CRS support in GeoJSON, QGIS and pyshp is not awesome

I was having some trouble visualizing the geoJSON files I generated in the previous post in d3. Does this look like Somerville in blue to you? No?! Well obviously the pink is Cambridge though…


Turns out the problem was the wrong projection. The MAPC data (or most of it) is using the NAD83(HARN)/Masssachusetts Mainland EPSG:2805 (QGIS reports this), also known as,  “NAD_1983_StatePlane_Massachusetts_Mainland_FIPS_2001″ from the .prj in the shape file.

Apparently, pyshp doesn’t handle reading the .prj files very well, it kinda ignores them on purpose ( So using pyshp to convert the shapfiles to GeoJSON probably wasn’t a good choice (no projection info will be transferred to the GeoJSON).

GeoJSON allows for specifying a CRS, but assumes use of the default of WGS84 if none is specified according to the spec. I tried to explicitly set the CRS in the geoJSON, but that doesn’t seem to be working, it looks like the d3 code is ignoring the “crs” property and assuming WGS84 as well.

I then tried saving the layer as GeoJSON with QGIS (version 1.7.5), despite the very nice save dialog and carefully selecting the desired projection, it doesn’t work at all:

  1. The GeoJSON was not reprojected to the desired coordinate system (pretty similar to this reported QGIS issue), and
  2. QGIS does not populate the crs property in the output GeoJSON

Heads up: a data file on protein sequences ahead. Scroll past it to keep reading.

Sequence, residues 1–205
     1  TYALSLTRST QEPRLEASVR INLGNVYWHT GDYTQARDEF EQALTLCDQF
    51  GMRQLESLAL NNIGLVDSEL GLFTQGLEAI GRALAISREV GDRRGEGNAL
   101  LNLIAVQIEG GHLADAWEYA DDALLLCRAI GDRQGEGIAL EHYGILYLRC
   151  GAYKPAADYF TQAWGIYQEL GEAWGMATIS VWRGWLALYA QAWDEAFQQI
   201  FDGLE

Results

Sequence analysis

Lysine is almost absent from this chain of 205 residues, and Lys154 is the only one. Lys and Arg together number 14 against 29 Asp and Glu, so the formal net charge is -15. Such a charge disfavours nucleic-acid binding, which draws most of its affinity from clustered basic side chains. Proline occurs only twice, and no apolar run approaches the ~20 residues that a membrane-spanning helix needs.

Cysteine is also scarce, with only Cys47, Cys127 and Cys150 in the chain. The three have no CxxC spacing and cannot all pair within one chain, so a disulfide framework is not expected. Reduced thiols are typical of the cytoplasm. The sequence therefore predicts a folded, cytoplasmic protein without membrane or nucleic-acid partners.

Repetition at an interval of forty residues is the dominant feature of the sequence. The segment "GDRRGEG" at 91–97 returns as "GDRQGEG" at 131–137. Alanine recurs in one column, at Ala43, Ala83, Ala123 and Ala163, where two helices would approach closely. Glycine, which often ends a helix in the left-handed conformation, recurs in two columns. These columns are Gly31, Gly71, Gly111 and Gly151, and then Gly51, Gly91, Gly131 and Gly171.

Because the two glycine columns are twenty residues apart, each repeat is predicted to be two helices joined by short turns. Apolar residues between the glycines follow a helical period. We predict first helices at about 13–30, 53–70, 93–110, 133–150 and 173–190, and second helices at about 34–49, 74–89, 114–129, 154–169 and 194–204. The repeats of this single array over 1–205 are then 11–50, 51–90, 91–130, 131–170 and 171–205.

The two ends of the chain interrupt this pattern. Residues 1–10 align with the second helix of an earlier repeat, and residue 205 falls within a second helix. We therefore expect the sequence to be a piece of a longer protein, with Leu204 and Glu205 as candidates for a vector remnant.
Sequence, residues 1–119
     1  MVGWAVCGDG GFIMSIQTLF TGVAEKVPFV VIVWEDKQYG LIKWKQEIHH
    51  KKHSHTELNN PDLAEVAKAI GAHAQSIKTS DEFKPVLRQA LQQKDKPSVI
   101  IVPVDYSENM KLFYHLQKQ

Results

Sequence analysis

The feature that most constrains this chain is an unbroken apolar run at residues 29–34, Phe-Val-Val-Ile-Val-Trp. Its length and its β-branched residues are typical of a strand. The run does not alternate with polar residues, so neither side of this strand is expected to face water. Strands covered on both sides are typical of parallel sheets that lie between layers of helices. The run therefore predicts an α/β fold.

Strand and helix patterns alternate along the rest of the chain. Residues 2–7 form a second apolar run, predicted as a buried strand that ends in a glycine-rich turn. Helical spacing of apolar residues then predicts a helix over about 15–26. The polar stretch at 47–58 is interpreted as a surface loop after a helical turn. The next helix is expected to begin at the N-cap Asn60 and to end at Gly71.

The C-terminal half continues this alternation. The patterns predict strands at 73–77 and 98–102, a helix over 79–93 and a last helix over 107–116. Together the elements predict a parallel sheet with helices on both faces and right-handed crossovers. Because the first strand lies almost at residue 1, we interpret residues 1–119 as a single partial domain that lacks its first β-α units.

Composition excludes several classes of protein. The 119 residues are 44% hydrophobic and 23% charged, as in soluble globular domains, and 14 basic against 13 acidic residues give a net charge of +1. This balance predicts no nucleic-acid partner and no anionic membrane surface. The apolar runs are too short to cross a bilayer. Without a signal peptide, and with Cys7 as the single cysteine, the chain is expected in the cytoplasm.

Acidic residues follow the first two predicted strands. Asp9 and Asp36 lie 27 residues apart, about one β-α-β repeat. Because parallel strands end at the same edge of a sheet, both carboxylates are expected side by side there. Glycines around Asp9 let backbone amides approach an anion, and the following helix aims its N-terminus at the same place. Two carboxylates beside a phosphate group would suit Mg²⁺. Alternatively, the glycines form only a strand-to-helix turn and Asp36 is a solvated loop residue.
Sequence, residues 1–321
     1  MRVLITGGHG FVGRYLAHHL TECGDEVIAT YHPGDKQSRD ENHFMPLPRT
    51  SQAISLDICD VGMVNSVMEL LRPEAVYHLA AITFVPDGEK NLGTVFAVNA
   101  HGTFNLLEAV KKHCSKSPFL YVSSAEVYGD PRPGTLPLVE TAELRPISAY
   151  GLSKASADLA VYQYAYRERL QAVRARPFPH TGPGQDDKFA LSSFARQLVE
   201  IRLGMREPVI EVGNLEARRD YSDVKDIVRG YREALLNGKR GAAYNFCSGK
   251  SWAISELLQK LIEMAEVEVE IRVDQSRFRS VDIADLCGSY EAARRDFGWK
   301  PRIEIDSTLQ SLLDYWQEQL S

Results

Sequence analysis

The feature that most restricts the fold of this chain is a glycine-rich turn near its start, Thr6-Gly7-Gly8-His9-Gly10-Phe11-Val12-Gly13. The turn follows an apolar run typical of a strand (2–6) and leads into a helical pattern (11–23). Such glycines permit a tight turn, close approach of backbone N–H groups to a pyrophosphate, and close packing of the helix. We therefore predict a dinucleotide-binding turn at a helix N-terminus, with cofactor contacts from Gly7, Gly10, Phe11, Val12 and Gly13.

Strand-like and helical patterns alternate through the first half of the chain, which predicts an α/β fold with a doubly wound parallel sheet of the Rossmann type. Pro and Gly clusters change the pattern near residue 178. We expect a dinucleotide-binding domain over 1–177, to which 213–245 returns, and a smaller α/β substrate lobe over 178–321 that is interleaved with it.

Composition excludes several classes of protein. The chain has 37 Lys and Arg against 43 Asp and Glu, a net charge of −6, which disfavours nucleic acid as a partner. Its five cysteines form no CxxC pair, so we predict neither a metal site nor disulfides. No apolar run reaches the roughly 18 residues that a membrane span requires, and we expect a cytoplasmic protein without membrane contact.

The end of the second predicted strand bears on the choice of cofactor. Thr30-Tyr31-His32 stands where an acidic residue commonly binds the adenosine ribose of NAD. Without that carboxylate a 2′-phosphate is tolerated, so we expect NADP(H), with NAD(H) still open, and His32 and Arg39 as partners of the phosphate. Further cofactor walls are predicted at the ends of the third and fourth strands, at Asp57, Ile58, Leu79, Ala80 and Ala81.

However, saving the layer as an ESRI shapefile you can change the projection using QGIS.

I was able to use ogr2ogr to convert the GeoJSON generated by pyshp with no CRS specified to WGS84 (“EPSG:4326″), after which it renders correctly in d3. (Note when I tried different target projections there was still no crs property in the GeoJSON! It looks like support for different crs in GeoJSON is pretty spotty). Here is the ogr2ogr command I used for the simple projection change:

ogr2ogr -f "GeoJSON" -t_srs "EPGS:4326" -s_srs "EPGS:2805" new.geojson old.geojson

And now you might recognize these Boston suburbs:


At this point really what is the point of using any tool other than ogr2ogr? For example, the following command converts the Massachusetts municipalities shape file to GeoJSON, reprojects it correctly, and filters out all the cities except cambridge and somerville.

ogr2ogr -f "GeoJSON" -t_srs "EPSG:4326" \
        -where "municipal IN ('CAMBRIDGE','SOMERVILLE')" \
        camberville.geojson \

All in one command and it does it correctly (although ogr2ogr doesn’t seem to put crs info in the geojson either, so I’d stick with WGS84 as much as possible).

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